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Reform Leader Blames American Jews for Assimilation of Soviet Emigres

November 6, 1989
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A leader of Reform Jewry has laid much of the blame for Soviet Jewry’s large-scale lack of involvement with Judaism in this country at the feet of American Jewry.

Rabbi Alexander Schindler, president of the Union of American Hebrew Congregations, said many Soviet emigre families are dropping out of Jewish life because American Jews have “failed to reach out” to the new arrivals.

Schindler, speaking Saturday at UAHC’s 60th biennial convention here, told some 3,500 Reform leaders that Jewish congregations, including Reform synagogues, have been “most neglectful” in failing to encourage contact between Soviet Jewish emigres and the American Jewish community.

In his sharply worded critique, Schindler particularly emphasized what he called the “embarrassingly inadequate” response of American Jews to the United Jewish Appeal’s Passage to Freedom campaign, the $75 million special fund established to support absorption programs for Soviet Jews both in America and Israel.

He specifically called on “each of our 822 Reform congregations to engage in a vigorous outreach program to bring Soviet Jewish families into our synagogues and homes.”

During a convention workshop, Shoshana Cardin, chairwoman of the National Conference on Soviet Jewry, applauded help offered by UAHC congregations, citing two examples of effective outreach by member synagogues that could be replicated by other congregations across the country.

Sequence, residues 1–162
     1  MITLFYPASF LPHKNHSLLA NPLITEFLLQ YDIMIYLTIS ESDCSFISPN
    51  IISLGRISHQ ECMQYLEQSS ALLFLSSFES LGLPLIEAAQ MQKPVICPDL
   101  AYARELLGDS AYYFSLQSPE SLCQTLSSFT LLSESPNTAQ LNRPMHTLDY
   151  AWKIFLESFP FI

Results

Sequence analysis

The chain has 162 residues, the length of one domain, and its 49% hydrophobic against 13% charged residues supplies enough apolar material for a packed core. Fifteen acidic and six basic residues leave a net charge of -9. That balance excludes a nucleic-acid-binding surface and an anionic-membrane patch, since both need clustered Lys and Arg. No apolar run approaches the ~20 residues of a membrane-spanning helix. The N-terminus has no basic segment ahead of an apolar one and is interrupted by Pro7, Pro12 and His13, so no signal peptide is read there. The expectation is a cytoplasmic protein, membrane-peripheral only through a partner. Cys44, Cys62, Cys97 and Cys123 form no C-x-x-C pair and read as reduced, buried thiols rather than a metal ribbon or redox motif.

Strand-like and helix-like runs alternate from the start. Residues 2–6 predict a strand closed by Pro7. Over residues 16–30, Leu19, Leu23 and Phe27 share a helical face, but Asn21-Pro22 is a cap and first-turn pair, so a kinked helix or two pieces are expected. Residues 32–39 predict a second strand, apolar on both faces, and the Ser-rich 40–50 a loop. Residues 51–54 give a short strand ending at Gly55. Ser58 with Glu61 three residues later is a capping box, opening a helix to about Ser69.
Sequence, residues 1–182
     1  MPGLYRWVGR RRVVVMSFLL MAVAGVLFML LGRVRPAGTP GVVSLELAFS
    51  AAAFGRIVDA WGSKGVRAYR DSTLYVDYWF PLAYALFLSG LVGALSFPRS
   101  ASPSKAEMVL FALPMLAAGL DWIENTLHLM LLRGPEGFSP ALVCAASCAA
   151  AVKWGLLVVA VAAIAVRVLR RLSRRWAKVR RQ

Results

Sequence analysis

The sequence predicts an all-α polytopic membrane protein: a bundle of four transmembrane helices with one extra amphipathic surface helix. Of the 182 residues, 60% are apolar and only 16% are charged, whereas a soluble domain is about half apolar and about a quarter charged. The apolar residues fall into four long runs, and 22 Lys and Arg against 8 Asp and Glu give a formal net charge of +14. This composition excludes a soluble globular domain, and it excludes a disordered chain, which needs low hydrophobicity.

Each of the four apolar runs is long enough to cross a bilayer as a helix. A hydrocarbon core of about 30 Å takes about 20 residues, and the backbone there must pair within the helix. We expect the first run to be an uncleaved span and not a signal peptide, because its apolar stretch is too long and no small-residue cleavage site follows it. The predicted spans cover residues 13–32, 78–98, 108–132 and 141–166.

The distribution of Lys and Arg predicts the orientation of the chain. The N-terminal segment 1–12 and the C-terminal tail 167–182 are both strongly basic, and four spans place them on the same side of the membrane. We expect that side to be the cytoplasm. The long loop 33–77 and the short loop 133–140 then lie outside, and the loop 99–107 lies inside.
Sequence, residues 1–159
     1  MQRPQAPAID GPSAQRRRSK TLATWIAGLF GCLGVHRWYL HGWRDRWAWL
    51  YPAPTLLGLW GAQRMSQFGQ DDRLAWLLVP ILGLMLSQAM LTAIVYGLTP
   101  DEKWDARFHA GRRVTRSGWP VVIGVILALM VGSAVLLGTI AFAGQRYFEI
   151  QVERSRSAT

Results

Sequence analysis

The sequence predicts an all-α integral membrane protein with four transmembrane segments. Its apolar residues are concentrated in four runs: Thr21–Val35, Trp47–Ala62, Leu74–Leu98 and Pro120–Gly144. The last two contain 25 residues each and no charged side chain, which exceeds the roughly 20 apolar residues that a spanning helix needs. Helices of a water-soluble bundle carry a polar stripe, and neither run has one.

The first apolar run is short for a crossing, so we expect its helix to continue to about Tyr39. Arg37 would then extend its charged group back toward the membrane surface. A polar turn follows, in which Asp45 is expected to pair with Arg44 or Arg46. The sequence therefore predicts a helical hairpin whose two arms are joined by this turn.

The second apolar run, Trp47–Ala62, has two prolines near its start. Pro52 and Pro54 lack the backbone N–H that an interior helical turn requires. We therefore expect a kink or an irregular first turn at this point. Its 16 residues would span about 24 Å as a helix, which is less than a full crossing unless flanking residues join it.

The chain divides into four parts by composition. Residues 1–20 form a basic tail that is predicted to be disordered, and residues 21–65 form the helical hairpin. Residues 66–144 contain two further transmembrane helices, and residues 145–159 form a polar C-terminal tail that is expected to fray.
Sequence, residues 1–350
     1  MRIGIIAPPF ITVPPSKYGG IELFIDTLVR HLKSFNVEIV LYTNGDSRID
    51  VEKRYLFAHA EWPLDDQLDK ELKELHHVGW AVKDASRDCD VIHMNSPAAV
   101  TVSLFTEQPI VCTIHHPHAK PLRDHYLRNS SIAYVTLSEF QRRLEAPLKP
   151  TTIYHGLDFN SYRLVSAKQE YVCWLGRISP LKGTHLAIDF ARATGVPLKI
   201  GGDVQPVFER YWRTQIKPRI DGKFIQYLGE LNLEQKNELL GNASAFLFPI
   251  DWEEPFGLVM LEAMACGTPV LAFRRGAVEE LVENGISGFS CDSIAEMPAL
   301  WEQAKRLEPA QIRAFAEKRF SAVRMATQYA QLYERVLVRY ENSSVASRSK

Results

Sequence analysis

Cardin spoke of a program at Shearith Israel in San Francisco, a historic synagogue that survived both the earthquakes of 1906 and 1989. The congregation has integrated more than 100 Soviet Jewish emigres, who now attend services regularly, it was reported.


Shearith Israel, in cooperation with Jewish community organizations, has set up a “havurah” (fellowship) for Soviet Jews that serves as a support group where the new arrivals can discuss and solve the problems of daily living, as well as learn about Jewish things.

Cardin also spoke about Congregation Rodef Shalom in Pittsburgh, which has helped organized Jewish communal agencies and other congregations in the region into a network that matches American Jewish families, as “mentors,” with Soviet emigre families, to help the new Americans adjust to their new home.

Among the others addressing the five-day conference, which opened Thursday evening, was a founder of the World Jewish Congress who has been intimately involved with negotiations to relocate the Carmelite convent at Auschwitz.

Gerhart Riegner, co-chairman of the governing board of the WJC, said Catholic-Jewish tensions over the convent seem to have dissipated, “because we openly faced the representatives of the church and clearly explained the grievances.

Riegner, who spoke at the opening session of the UAHC conference, believes that “quick progress will now be made in fulfilling the agreements” signed by Catholic and Jewish leaders to remove the convent and build an interfaith center away from the grounds of the former death camp.

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